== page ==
About 15 years ago, after having read several of his books, I heard that Jim Harrison, the writer and poet, was giving a reading and a talk at Barnes & Noble on Union Square in Manhattan.
Several months before at a barbeque on Canadarago Lake outside of Richfield Springs, I had talked at length about Harrison’s “Legends of the Fall,” and several of his other works, with friend and artist Brendon Pulver who, like me, was an enthusiastic fan of the esteemed writer.
When I arrived at the lecture hall, to be sure I was in the right room, I asked a man who appeared to be surveying the seating arrangement, “Is this the Harrison reading?”
To my surprise, it was Brendan Pulver who had come, I thought, all the way from Richfield Springs. We found seats towards the front of an audience of about a hundred.
By MIKE FORSTER ROTHBART & JIM KEVLIN • Special to www.AllOTSEGO.com
A 23-year-old man, Tyler Johnson, was shot twice in the chest after he allegedly pulled a knife at 1:15 p.m. Tuesday, April 6, during a domestic dispute in a duplex at 48 River St., next to the former Foti’s Bakery.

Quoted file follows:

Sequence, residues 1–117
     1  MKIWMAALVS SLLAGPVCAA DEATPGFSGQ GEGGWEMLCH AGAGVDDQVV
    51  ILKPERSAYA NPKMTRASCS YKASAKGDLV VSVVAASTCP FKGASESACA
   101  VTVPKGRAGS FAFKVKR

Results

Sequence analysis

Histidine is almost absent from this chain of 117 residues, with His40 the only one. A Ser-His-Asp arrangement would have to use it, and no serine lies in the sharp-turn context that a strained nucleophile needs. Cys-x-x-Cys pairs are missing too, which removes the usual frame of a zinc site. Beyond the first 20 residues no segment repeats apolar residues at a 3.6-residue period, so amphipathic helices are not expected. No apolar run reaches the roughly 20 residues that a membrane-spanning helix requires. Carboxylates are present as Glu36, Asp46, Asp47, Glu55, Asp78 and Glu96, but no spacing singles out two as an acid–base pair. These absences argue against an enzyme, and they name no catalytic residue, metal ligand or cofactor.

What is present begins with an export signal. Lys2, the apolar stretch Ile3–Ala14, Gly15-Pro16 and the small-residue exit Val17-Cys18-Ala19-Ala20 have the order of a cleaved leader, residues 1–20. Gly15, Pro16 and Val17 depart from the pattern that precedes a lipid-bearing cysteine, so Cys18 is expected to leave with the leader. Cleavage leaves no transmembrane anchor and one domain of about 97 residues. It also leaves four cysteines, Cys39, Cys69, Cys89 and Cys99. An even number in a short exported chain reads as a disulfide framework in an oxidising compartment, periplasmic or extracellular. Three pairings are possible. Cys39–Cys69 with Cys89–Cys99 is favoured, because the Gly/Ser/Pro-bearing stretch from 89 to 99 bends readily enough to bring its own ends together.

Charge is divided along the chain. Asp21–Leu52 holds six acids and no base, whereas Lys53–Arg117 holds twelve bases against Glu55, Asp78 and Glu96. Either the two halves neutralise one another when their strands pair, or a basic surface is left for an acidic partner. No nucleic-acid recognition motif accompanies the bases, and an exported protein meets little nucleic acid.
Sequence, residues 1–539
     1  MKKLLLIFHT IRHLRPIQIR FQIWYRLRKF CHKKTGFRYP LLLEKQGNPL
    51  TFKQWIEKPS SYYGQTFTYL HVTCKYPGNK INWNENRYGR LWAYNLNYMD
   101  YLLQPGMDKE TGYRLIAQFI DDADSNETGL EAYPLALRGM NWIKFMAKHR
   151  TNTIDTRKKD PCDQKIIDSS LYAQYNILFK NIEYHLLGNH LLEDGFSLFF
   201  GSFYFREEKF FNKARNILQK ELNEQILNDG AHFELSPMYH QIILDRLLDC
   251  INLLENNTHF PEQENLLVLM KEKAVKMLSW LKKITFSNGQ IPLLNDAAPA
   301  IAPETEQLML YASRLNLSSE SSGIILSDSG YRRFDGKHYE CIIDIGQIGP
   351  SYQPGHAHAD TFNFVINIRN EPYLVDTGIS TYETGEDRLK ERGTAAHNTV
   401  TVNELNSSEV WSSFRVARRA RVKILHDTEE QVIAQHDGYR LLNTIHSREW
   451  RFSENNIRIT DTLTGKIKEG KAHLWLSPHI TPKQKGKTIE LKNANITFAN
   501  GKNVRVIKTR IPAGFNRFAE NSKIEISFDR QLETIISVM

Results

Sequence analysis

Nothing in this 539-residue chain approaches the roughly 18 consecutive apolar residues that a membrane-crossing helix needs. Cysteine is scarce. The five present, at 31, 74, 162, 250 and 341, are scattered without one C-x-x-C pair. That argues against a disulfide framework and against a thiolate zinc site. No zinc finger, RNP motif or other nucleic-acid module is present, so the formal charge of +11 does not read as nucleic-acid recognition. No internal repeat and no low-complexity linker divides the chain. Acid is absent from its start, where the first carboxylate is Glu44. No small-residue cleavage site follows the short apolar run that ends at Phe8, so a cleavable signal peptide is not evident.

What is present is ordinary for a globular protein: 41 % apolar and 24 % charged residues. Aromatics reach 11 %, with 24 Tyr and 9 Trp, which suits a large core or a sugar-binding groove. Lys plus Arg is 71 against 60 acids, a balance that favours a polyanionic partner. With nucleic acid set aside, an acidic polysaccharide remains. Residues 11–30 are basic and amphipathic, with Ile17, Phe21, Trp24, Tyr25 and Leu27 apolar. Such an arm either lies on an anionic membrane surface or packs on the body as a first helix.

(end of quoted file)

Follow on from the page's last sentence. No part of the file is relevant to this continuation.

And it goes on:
According to Mayor Gary Herzig, who provided a report to the public via YouTube at the beginning of that evening’s Common Council meeting, two officers responded to “a domestic matter” and found a mother, a 2-year-old child and Johnson at the scene.
A neighbor said the child was Johnson’s; he identified the mother as Caitlyn Marie Calvey, and said she was Johnson’s fiancée.
“While officers were there,” said Herzig, “the third-party male did attack the mother with a knife. She sustained some wounds, but was treated and is OK. One officer acted to save the life of the child by firing two shots. The individual with the knife was injured as a result.”